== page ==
Hon. Vincent Lee McKusick
Remembering Chief Justice Vincent L. McKusickRemembered For His Kindness And Brilliant Intellect
On December 3, 2014, the State of Maine lost one of the true greats in the history of Maine jurists. Vincent L. McKusick died at the age of 93.
Because a new generation of lawyers did not have the opportunity to know the extraordinary man who led the Judicial Branch for more than 14 years, from 1977 to 1992, I add my voice to the many who have chronicled his extraordinary life and to share just a few of my personal experiences with "The Chief."
Vincent and his identical twin brother, Victor A. McKusick, were born in Parkman, Maine, on October 21, 1921, and went on to be co-valedictorians of their Guilford High School class of 28 students. They were educated for the first eight grades in a one-room schoolhouse. The former Chief Justice once said he, "did a full day of farm chores before and after going to school." He never forgot his Parkman roots, nor was he afraid of hard work.
After receiving his Bachelor's degree from Bates College he served in the Army from 1943 to 1946 during World War II. While in the service, he spent more than a year in Los Alamos, New Mexico, working on the world-changing Manhattan Project, which developed the atomic bomb.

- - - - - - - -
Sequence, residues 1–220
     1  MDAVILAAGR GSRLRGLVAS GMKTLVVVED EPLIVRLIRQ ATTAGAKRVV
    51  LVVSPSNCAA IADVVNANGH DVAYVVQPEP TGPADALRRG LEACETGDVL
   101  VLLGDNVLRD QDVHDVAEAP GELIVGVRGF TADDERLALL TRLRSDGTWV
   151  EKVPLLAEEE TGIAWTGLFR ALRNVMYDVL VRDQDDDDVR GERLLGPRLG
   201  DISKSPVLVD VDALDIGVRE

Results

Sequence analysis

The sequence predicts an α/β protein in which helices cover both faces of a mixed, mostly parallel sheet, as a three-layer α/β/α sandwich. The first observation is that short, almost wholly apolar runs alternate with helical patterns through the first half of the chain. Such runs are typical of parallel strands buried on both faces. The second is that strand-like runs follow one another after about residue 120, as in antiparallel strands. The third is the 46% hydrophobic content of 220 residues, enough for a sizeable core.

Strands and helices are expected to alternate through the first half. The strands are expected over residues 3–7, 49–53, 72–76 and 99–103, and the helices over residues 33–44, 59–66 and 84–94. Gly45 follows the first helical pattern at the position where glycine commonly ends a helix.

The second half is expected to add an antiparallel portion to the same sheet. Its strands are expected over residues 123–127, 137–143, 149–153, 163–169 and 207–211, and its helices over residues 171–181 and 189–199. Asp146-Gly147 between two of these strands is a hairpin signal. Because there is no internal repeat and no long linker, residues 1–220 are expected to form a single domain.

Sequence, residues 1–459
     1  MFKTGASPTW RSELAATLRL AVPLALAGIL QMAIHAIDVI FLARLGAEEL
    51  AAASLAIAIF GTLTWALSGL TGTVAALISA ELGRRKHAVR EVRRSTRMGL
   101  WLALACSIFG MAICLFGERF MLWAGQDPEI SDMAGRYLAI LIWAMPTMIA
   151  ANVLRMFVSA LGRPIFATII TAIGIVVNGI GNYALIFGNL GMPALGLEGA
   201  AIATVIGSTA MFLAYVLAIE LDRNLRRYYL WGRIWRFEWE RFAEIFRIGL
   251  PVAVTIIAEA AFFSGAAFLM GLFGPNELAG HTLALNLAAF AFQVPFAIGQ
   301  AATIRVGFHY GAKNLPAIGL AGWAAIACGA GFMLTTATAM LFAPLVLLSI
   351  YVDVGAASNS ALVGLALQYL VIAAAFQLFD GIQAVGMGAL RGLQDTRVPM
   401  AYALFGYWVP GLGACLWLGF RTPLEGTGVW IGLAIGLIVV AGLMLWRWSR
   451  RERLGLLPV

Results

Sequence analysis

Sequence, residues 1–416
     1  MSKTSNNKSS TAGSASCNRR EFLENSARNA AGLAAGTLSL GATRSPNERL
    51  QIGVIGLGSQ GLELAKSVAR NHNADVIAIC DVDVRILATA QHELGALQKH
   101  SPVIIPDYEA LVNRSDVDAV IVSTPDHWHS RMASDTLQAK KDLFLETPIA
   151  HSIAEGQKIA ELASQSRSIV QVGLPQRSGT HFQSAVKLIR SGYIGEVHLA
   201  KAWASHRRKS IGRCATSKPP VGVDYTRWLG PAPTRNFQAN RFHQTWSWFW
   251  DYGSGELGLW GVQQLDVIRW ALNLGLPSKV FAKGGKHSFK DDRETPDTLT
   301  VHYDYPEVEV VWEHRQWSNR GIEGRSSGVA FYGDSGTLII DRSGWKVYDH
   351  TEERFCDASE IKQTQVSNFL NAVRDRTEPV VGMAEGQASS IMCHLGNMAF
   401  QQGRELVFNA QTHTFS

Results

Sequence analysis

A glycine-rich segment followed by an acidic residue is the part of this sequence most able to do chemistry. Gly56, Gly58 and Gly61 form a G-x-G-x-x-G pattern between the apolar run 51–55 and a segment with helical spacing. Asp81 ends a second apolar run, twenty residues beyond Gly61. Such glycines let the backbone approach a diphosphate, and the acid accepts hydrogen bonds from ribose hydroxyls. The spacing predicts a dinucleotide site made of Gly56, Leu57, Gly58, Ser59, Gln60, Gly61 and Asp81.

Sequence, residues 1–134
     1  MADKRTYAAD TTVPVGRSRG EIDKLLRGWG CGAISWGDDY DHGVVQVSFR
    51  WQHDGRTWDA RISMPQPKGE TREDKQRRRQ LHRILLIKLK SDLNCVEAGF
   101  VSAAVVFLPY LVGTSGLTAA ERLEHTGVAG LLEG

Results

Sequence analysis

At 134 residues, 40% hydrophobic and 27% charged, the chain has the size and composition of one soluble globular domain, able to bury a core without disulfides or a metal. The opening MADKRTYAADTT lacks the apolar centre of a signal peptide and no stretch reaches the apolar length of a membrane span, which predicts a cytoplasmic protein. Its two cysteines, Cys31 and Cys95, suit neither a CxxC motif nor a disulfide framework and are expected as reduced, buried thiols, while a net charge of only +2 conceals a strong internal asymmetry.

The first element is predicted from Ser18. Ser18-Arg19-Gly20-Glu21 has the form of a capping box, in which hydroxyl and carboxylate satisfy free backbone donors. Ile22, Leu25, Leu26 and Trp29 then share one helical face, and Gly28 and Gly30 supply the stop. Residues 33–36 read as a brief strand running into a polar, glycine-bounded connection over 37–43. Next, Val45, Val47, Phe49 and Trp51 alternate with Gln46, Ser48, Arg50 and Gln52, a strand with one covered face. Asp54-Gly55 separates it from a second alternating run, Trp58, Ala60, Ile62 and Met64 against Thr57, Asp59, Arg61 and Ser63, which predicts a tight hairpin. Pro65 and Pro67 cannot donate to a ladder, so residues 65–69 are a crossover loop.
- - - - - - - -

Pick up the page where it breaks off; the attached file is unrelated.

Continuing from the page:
Following the war, he continued his higher education on the G.I. Bill, earning a Masters of Science from Massachusetts Institute of Technology in electrical engineering in 1947. His interest in patent law drew him to Harvard Law School where he earned his law degree. His term as President of the Harvard Law Review broadened his interest in general practice law and laid the foundation for professional relationships that shaped his legal career.
After graduating magna cum laude from Harvard in 1950, he clerked successively for two of the most renown jurists of the 20th century. First for Chief Judge Learned Hand of the U.S. Court of Appeals for the Second Circuit, and then for U.S. Supreme Court Justice Felix Frankfurter.
His long career in Maine law began in 1952 when he joined the law firm that is now Pierce Atwood, where he practiced for 25 years until he was appointed by Governor James B. Longley to be Maine's Chief Justice. Approximately five years after his return to practice in Maine, he became a reporter for a committee appointed by the Supreme Judicial Court to draft the Maine Rules of Civil Procedure that took effect January 1, 1959. Later, he co-authored Maine Civil Practice (Field, McKusick & Wroth) the classic reference guide for generations of Maine lawyers, which, in its updated form, is still very much in use.
During his years in private practice he was regarded as one of the best lawyers in the nation. In 1975, The New York Times reported that he was under consideration by President Ford to replace retiring Supreme Court Justice William O. Douglas.
When he was nominated to the Maine Supreme Judicial Court in 1977, Governor Longley wrote, "Vincent L. McKusick is a man who has received national recognition as one of the nation's and Maine's outstanding attorneys."